Speaking of IMPORT/EXPORT, the variables used for the filenames and member names can be IMPORTed and EXPORTed from modules. However, I would avoid this because it has a tendency to destroy the generality of the code. If you know what your filename is, why not use it in the main RPG program's file specifications? Chances are, if you are using it for IMPORT/EXPORT, you need it for more than just your routines, so why not code it where it will be global? Still, you should be aware that this option is available to you.
Also, the variable can be set in the initialization subroutine (*INZSR) or in the D-spec on the INZ keyword. The same arguments I have about IMPORT/EXPORT lead me to frown on these options as well.
Generalize your programs by taking advantage of the usefulness of these keywords with files that have similar file structures. If you specifically know your filename, use a quoted literal on the EXTFILE/EXTMBR parameters along with USROPN. This may eliminate the need for a calling CL program. Use the *INZSR to initialize the field only if the value is passed as a parameter to the main program on its procedure interface. Give your particular situation some serious thought before coding these keywords. Many of our shops have multiple files that have either the same field names or field names in which one letter differs from file to file. This most often occurs because more than one of these files is needed in several programs. These are highly likely candidates to code EXTFILE routines around.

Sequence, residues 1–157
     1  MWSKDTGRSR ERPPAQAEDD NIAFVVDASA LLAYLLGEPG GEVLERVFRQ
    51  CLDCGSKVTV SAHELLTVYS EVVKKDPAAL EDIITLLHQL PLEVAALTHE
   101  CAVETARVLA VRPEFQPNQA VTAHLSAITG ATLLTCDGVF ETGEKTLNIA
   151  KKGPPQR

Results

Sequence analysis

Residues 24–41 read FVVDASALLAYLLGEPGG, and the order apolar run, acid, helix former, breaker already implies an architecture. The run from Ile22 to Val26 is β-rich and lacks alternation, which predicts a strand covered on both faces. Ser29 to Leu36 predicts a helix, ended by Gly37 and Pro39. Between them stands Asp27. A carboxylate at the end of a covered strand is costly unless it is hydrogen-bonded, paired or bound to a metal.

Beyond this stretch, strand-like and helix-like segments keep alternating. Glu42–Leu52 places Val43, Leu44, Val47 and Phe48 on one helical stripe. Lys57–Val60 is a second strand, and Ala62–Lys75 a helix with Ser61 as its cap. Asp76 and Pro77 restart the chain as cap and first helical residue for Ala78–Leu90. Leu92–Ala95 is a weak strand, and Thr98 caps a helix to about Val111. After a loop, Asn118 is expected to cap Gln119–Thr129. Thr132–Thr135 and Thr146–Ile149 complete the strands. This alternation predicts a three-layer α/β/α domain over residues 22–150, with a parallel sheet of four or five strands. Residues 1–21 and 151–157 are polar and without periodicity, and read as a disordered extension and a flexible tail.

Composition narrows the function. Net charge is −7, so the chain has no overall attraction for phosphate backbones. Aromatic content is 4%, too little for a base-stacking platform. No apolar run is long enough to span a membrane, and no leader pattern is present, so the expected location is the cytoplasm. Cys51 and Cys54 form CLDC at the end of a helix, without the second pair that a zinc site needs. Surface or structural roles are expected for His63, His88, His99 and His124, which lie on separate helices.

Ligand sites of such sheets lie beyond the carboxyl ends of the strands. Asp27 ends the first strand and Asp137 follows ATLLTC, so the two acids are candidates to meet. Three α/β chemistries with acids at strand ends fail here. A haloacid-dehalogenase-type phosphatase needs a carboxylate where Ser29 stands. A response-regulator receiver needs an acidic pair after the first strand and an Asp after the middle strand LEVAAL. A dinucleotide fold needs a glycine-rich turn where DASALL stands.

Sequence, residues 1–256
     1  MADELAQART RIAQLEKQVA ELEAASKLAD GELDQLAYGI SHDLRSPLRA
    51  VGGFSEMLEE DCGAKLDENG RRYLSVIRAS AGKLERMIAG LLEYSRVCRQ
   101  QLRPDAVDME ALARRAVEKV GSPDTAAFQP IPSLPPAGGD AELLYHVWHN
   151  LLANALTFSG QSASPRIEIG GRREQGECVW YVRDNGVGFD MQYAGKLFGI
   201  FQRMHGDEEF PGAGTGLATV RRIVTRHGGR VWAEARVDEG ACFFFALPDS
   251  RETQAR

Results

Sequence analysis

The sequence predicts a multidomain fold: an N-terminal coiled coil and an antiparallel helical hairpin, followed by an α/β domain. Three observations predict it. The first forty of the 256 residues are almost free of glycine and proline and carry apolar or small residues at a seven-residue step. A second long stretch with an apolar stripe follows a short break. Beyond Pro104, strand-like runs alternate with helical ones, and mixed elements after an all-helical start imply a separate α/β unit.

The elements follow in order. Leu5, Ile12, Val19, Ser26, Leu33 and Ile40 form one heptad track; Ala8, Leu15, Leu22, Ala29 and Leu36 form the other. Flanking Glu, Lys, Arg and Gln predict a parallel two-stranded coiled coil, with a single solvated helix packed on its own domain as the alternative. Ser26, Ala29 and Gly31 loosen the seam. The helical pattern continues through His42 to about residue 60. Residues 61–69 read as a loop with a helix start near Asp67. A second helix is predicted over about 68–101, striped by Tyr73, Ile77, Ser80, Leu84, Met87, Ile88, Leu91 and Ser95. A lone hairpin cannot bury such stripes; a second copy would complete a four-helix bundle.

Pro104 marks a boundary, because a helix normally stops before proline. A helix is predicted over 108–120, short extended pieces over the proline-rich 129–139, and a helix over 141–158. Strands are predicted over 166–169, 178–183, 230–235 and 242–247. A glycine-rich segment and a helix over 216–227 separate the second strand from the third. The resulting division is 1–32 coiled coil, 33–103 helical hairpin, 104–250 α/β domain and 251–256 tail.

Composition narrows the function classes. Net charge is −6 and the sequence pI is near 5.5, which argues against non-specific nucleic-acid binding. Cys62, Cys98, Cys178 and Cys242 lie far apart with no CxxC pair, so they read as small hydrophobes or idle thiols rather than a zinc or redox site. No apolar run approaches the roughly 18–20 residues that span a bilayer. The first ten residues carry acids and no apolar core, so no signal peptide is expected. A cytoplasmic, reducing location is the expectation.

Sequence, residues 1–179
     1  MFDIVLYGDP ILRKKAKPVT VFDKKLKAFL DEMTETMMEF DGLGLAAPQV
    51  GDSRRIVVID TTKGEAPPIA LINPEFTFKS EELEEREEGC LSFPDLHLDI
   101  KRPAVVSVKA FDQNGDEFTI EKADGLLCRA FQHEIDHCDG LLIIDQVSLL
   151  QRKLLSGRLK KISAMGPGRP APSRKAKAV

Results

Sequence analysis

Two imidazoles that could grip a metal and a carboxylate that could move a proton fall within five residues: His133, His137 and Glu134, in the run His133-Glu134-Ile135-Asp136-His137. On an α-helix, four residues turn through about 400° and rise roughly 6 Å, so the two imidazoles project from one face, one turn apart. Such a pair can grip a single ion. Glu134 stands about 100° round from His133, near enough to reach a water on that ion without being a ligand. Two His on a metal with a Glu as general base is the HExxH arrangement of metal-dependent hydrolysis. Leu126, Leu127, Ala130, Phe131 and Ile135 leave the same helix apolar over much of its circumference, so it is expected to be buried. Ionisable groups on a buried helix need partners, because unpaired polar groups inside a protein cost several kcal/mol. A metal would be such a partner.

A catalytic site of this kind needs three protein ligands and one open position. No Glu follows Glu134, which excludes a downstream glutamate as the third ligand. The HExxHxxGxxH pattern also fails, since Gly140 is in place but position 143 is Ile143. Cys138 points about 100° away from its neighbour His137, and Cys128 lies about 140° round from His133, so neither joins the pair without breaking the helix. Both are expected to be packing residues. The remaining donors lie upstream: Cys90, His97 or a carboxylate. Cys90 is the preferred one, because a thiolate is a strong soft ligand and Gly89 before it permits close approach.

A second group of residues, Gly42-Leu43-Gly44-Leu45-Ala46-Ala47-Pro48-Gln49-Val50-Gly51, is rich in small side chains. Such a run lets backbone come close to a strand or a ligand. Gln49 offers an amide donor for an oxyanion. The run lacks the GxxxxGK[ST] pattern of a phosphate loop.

RPG has come a long way as a language, surviving numerous "it's dead" challenges. RPG IV is a much different creature than any prior incarnation of the language. Though the file specification hasn't changed much, it has changed for the better. Now, it's up to the programmers to start coding for the future with this specification. Personally, I think my dream for a general availability of file opens down to the subprocedure level will become a reality. But for now, I love the capabilities that I have in hand. I hope this article has been a revelation for some and an encouragement to all!